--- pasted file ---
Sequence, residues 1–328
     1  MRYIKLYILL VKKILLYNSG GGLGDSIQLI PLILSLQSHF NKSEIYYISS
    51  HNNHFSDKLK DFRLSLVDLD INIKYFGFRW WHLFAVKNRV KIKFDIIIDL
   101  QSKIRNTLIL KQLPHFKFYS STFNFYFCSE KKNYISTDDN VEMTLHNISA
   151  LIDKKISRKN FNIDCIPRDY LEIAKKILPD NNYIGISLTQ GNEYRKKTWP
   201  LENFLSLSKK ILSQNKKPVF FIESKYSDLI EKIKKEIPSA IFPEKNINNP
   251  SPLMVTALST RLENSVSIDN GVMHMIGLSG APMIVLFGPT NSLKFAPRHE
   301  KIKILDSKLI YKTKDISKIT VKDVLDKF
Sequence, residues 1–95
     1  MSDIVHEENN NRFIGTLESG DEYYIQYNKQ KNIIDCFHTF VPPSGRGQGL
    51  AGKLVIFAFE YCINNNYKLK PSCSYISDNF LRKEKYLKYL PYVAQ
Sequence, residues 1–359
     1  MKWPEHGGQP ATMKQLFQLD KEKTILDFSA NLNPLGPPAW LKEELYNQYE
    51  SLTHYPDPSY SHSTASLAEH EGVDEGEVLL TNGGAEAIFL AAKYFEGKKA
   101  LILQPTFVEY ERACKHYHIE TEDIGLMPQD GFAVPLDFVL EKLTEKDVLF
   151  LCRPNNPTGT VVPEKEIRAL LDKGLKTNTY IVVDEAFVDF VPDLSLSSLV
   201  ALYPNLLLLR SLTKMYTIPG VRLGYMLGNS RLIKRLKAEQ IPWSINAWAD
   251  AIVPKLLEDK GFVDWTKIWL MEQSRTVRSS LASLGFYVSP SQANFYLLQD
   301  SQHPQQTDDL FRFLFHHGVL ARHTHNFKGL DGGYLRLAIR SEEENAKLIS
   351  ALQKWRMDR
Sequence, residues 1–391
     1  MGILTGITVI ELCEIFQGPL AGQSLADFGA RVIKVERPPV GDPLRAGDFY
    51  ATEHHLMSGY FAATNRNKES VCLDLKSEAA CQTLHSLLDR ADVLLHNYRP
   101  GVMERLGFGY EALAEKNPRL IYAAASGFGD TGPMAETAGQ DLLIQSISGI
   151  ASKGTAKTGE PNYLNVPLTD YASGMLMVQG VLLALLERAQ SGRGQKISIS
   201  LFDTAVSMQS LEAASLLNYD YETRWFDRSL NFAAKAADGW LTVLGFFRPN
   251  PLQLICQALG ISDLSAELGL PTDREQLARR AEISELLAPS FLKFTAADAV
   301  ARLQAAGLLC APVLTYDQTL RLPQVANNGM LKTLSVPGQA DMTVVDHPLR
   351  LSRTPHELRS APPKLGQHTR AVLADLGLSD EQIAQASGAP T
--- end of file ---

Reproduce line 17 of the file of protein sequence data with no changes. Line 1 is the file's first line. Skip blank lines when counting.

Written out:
   201  ALYPNLLLLR SLTKMYTIPG VRLGYMLGNS RLIKRLKAEQ IPWSINAWAD